Sped 445 paper 3 - Teaching Students with Disabilities

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A final paper I wrote for my SPED 445 class.

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Sped 445 paper 3 - Teaching Students with Disabilities

  1. 1. George Wurtz SPED 445 Universal Design and Multiple Literacies: Creating Access and Ownership For Students With Disabilities George Wurtz Paper#3: General Topic EDUCATING EXCEPTIONAL STUDENTS IN REGULAR CLASSROOMS SPED 445 SPRING 2010
  2. 2. Paper #3: General Topic Page 2 Paper # 3 – Part 1: General Topic WEDS. 4:30pm – 7pm Universal Design: According to The National Center for Universal Design for Learning, Universal Design for Learning (UDL) is defined as: “The designof productsand environmentsto be usableby all people, to the greatest extent possible, withoutthe need for adaptationorspecializeddesign”.i The theory behind UDL is that all people have a right to learn and that they should be offered multiple ways of doing so. Instead of always using “script literacy” or reading, teachers should provide multiple ways of learning (multiple literacies), the same curriculum. The majority of students with disabilities have problems with reading such as dyslexia or, problems with comprehension. Problems of comprehension include such factors as inabilities to decode or process information due to a brain trauma or disorder, or, it could be something as simple as a language barrier. Student ethnicities in today’s HALO classrooms are quite diverse. Not everyone in a class may be a native English speaker. Universal Design takes this into account, not by dumbing down the content, but instead by offering students different ways of learning that fit their learning style. For instance the visually impaired obviously can’t read the average classroom text, but that doesn’t mean that can’t learn the same material as well as or possibly even better than their visually acute classmates. UDL will take this into account and provide the visually impaired with texts on tape or, printed in braille. The same is true of the hearing impaired. When watching movies in class or listening to audio tapes and podcasts, the hearing impaired can learn just as well as their colleagues when provided access to captioned movies or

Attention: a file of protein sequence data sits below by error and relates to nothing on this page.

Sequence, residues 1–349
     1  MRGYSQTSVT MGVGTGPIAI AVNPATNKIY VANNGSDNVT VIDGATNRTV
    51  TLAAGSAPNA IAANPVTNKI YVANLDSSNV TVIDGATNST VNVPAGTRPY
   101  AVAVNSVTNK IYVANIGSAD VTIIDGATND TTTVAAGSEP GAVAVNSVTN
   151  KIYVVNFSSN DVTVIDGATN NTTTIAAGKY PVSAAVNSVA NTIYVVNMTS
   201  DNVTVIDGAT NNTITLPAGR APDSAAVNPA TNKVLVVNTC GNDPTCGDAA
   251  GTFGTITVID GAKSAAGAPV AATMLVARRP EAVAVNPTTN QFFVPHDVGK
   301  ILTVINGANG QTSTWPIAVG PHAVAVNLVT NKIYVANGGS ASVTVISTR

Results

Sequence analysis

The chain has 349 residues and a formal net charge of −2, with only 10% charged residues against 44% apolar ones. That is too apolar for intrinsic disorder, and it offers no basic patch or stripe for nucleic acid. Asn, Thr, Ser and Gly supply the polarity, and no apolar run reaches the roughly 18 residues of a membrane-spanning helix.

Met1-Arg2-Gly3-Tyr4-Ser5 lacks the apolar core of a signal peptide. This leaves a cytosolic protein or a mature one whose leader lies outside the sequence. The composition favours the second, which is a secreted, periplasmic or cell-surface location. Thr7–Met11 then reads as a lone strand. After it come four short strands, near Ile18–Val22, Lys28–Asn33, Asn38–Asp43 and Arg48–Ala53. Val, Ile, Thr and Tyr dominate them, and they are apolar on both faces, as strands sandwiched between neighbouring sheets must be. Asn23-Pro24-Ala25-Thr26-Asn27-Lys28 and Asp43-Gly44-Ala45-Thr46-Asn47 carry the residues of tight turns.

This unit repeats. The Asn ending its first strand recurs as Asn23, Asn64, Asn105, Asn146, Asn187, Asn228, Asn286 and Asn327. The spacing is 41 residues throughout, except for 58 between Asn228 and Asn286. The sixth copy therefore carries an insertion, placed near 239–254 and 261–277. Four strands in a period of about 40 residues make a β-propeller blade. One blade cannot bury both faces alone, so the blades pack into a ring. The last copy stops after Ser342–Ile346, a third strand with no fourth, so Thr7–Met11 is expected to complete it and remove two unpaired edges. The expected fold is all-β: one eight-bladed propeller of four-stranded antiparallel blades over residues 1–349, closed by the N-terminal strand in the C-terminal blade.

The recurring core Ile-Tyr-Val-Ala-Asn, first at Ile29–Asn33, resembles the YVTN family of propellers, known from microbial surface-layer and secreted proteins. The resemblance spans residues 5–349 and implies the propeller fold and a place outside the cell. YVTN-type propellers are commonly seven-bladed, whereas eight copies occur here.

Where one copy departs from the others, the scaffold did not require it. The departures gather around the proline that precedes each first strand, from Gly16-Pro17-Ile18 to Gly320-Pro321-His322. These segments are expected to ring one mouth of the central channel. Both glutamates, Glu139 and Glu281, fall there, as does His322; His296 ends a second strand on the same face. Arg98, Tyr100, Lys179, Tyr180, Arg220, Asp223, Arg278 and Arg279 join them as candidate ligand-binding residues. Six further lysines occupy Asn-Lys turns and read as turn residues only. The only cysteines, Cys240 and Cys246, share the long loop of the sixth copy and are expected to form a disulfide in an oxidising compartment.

3. 3. Paper #3: General Topic Page 3 transcripts of audio material. Universal Design takes this into account by building multiple literacies into the design of the curriculum to make the content available to everyone in the class based on their preferred or optimum method of learning. Multiple Literacies: Multiple Literacies are the many different ways in which people of any given society learn, understand, or interpret the world around them. The Centre for Literacy of Quebec defines literacy as: “…acomplexset of abilitiesneeded to understandanduse the dominantsymbol systemsofa culture – alphabets,numbers,visual icons - for personal and communitydevelopment.The nature of these abilities,andthe demandfor them, vary from one context to another.”ii They go on to say: “Ina technological society,literacyextends beyond the functional skillsofreading,writing,speaking and listeningtoincludemultipleliteracies such as visual,mediaandinformationliteracy.These new literaciesfocus onan individual’scapacitytouse andmake critical judgments about the information they encounter on a dailybasis.” ibid In other words, human literacy is highly complex in contemporary society. The old definition of literacy merely addressed reading, writing, and speaking. The new literacies go far beyond these 3 ways of knowing and learning. When designing curricula or teaching, educators need to take this new definition of literacy into account. It is no longer recommended to teach content area merely through lectures and reading assignments. Universal Design takes the new definition of literacy into account when designing curricula and, incorporates all types of literacies into the lesson plan to provide all students with the ways and means of learning and understanding the essential curriculum according to their needs.